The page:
Harold has also been leading a series of technical webinars that address parts of the workflow involved (recordings are available). Specifically, please check out the Painting in Transparency Using a High-Key Layer Stack webinar recording.
But the best way to learn the process from beginning to end to apply to your own work is to take the acclaimed, hands-on Harold Davis Photographing Flowers for Transparency Workshop.
When are you next giving your Photographing Flowers for Transparency workshop? These workshops are given approximately twice a year. Please see the Harold Davis Workshops & Events page for information about the next Harold Davis Photography Flowers for Transparency workshop.
When will you next be presenting a workshop/course/lecture on your Photographing Flowers for Transparency techniques in my hometown/city/state/province/country?Generally—but not always—my schedule is planned about a year ahead. The best way to be apprised of what I have upcoming is to check my upcoming engagements on my website on the Workshops & Events page, or by subscribing to my email list of blog feed (click here for my Subscriptions page). Note that I am a working artist, and often prioritize protecting my creative space. Occasionally, I will give individual sessions on a bespoke basis (please inquire if interested).
Is the material in the Photography Flowers for Transparency workshop also available in the Harold Davis Craftsy course? There’s a great deal of information in the Harold Davis Photographing Flowers course for Craftsy, but this course does not include information about photographing flowers on a light box for transparency.
Besides your workshops, nothing you reference seems to give a start-to-finish idea about the process. Where can I go to get an overview? You might try the step-by-step description of my process in an article I wrote, Learn to Photograph Flowers for Transparency in Six Steps.
Where can I get my own light box, and what kind should I buy? A consistent light source is the single most important thing to keep in mind. The light box Harold Davis mostly uses is about 24″ by 48″. You can see a setup shot of Harold’s light box here and also a photo and description of how he uses it in Photographing Flowers on pages 184-185. This light box falls in the expensive category. It began life as a slide sorting table, and was made by an outfit in San Luis Obispo, California, Hall Productions, who make expensive, custom bespoke light boxes.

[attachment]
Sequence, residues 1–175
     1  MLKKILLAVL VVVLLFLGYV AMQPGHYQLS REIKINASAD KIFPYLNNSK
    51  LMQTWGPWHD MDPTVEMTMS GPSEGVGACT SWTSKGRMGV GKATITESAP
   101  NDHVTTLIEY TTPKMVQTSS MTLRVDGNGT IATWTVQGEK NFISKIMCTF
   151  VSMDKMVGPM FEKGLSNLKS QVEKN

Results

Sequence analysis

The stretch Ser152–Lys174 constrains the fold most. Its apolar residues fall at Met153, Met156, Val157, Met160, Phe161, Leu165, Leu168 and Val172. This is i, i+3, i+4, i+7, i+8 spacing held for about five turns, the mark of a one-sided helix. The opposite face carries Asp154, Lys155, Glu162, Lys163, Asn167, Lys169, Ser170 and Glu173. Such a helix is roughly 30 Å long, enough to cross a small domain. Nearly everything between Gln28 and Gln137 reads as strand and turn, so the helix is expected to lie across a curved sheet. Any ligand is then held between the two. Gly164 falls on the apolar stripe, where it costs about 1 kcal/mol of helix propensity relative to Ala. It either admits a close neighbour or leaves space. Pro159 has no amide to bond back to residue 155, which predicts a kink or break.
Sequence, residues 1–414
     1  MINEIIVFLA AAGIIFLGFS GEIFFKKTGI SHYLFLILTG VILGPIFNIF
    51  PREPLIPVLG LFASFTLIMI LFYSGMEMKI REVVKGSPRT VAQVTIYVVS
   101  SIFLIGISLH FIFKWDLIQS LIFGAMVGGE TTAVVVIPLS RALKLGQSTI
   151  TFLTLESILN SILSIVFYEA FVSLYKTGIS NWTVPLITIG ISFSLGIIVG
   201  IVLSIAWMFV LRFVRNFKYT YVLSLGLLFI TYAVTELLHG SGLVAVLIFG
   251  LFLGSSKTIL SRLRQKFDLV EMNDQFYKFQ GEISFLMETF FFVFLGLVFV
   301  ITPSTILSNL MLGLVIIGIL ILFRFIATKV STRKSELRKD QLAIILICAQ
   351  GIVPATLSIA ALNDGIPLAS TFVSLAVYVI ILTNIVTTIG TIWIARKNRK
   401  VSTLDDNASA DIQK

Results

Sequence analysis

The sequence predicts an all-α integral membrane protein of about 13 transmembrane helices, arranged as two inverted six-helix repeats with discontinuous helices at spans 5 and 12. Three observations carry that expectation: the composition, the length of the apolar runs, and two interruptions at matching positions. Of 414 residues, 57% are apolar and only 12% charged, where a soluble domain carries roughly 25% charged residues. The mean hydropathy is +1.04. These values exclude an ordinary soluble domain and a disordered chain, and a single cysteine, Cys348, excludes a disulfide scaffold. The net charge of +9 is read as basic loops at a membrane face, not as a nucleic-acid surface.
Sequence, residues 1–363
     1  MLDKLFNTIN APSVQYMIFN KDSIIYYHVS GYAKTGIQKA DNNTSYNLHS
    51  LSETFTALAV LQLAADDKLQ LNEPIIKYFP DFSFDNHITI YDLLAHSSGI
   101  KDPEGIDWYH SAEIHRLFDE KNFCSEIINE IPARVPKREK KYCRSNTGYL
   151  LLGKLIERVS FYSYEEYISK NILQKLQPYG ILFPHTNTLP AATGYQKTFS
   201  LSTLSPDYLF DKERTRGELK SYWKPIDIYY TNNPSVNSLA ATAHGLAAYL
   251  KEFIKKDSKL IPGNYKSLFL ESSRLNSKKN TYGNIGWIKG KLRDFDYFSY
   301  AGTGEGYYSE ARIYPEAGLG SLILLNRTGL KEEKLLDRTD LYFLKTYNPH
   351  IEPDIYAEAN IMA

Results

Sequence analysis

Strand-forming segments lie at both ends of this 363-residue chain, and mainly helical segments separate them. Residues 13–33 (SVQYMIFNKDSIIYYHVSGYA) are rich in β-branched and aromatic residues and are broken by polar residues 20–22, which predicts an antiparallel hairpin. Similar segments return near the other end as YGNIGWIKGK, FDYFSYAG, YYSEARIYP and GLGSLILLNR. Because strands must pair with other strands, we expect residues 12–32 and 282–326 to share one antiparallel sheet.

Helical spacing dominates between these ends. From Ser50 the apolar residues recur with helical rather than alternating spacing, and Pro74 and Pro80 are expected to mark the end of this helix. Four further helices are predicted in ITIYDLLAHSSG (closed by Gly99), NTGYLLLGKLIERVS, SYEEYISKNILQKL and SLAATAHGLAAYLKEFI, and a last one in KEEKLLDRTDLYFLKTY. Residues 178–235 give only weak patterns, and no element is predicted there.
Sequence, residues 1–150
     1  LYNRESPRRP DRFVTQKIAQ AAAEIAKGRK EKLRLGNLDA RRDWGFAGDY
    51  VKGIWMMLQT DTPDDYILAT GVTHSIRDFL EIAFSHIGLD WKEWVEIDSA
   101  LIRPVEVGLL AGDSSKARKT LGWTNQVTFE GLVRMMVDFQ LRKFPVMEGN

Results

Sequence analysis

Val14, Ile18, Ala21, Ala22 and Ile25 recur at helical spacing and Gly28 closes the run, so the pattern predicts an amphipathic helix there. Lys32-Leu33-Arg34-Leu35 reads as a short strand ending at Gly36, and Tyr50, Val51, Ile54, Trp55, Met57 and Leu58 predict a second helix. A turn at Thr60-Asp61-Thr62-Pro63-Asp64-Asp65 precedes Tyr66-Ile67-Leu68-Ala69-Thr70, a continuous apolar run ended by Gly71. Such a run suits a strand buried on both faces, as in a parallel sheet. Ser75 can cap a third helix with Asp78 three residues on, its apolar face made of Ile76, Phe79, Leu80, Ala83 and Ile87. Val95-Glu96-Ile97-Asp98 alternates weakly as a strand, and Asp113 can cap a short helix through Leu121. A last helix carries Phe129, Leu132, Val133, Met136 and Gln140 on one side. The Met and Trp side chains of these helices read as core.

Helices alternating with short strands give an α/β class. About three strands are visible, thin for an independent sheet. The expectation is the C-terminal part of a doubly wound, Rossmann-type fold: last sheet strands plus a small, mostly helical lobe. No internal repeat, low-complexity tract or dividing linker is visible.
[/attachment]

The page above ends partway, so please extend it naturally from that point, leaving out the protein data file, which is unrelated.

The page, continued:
Less expensive light boxes can be found as artist tools at Dick Blick, see http://www.dickblick.com/categories/lighttables/. Almost anything in the Dick Blick category list would probably work, such as this 11X18 light panel: http://www.dickblick.com/products/gagne-porta-trace-led-light-panel/
It is also easily possible to build or improvise your own light box (see “Can I build my own light box?”).
What is the best light source for a light box that will be used for photography? We’ve had good luck with daylight-balanced fluorescent tubes and with LED lights. According to Harold Davis, “Assuming you are shooting RAW, the color temperature of the light source for light box flower photography is surprisingly unimportant, because this can be adjusted in post-production. I have seen good results from a wide variety of light sources.”
My light box is illuminated using LEDs. Do I need to set a custom white balance, or does auto while balance work okay?
If you shoot RAW files, white balance matters less than one might think, because it is easy to adjust after the fact in the RAW conversion process. So I generally just leave my camera on auto white balance when photographing flowers on a light box for transparency. This is a great way to keep things simple, and I urge you to stop reading here unless you are the kind of photographer that embraces technical complexity!